Sillman is also on the hunt for acquisitions that could help it expand. Its targets include sports media, content assets, brands and live events. He says he wants to establish the company as a “bridge” that works both ways, seeking partnerships with American leagues as they target international expansion.

The rise of the 34-year-old Sillman in the world of sport started when he was still a student at Michigan Ross, the business school named after Relevent’s owner. While there, Sillman emailed Ross for guidance about his business advising professional athletes and the pair struck up a rapport.

Sillman eventually sold the business and joined the billionaire’s venture arm in 2014 before becoming chief executive of Relevent three years later at the age of 28. He has also been Ross’s son-in-law since 2020.

“I know him and I work with him and he works hours and hours and hours,” said Ferran Soriano, chief executive of City Football Group, which owns Premier League champions Manchester City.

Relevent’s pitch to link the US and European football predates Sillman. That vision came from co-founder Charlie Stillitano, a former general manager of the New York-based MLS side that would later become the New York Red Bulls. Stillitano, who has since left the company, used his decades of experience in football to build Relevent up in the sport.

But Sillman’s standing in the football establishment was boosted during the tumult of the European Super League in April 2021, when a dozen elite clubs sought to form a breakaway competition. Their mission failed after a backlash from fans and policymakers, but Sillman’s opposition to the project helped him to win friends in the industry.

“I was in touch with him back then after it happened and it was quite amazing to see that a person who lives in a country of closed leagues clearly understands what it means to have a pyramid and why European football is so successful,” said Čeferin.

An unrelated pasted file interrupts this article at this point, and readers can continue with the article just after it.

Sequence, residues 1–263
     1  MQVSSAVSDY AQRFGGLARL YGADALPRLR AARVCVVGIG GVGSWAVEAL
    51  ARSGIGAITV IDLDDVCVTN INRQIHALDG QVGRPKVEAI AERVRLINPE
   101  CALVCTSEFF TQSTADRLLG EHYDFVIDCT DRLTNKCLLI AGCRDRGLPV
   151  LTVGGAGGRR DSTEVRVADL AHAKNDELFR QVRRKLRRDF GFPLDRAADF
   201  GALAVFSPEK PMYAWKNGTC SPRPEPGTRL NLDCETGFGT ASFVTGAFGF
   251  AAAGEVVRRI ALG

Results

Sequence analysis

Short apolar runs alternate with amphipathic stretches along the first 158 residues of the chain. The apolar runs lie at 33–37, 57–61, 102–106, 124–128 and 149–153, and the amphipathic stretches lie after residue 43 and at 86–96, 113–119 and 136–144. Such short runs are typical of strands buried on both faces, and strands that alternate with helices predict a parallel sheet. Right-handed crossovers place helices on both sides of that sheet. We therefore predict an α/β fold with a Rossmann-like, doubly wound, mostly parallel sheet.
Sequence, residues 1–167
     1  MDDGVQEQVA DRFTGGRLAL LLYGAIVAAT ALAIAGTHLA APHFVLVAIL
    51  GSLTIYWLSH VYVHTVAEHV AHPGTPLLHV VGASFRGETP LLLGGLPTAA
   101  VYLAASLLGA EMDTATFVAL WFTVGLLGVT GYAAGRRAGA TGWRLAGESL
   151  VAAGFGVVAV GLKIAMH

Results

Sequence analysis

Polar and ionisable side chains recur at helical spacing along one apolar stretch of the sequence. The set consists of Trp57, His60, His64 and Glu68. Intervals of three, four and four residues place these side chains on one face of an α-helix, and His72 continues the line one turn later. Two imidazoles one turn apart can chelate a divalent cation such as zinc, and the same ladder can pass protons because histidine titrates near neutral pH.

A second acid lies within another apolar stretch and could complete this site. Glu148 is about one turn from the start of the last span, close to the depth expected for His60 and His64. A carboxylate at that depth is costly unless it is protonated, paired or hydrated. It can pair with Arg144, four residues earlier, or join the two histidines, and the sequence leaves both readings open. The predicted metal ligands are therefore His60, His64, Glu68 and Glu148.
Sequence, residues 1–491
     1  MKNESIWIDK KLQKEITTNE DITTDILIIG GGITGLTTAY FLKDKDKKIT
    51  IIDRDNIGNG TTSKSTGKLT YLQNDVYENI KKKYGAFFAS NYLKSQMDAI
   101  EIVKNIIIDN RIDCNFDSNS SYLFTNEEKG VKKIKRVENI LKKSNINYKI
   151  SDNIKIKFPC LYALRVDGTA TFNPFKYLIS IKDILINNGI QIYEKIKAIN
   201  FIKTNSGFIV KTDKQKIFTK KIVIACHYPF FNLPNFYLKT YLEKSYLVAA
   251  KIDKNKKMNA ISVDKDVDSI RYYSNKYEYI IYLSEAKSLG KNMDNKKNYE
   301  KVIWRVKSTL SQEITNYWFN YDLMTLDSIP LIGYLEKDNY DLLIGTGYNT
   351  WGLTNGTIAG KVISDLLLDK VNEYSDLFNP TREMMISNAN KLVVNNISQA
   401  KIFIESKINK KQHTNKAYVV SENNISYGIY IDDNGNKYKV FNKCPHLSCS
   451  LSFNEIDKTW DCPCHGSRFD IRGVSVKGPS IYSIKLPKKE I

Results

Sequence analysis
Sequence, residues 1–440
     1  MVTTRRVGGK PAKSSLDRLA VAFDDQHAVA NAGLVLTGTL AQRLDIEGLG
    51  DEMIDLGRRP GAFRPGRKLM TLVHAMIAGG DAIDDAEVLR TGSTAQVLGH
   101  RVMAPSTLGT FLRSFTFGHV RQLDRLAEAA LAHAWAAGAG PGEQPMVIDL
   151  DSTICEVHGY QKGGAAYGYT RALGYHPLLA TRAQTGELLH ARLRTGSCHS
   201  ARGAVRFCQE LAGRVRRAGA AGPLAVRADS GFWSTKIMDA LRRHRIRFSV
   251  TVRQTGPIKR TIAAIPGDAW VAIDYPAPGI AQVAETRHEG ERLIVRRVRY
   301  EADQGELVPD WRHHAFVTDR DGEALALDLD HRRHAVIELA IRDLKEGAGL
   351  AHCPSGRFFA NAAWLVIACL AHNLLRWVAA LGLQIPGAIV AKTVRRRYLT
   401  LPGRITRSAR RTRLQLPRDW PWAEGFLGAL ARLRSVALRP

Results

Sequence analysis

Relevent brokered $2bn worth of media rights deals for La Liga in the US, Canada and Mexico in 2021, a welcome bonanza as football fought to recover from its Covid losses.

The following year the company brokered a deal in which Paramount agreed to pay a $1.5bn over six years to screen Uefa’s European club competitions in the US. At $250mn a season, it was 2.5 times higher than before.

“For decades people have been talking about soccer becoming more popular on television in the US, and it’s really starting to happen, it’s happening,” Sean McManus, chair of Paramount’s CBS Sports told the FT.

As more viewers tune in, Soriano of City Football Group, which also owns New York City FC, believes that the business opening in the US for the football industry is “gigantic” and growing rapidly.

“In the US there’ll be a major global soccer event every year. When you say update the size of the opportunity, multiply it by 10, because it’s already big,” he said. “That’s the opportunity for companies like Relevent.”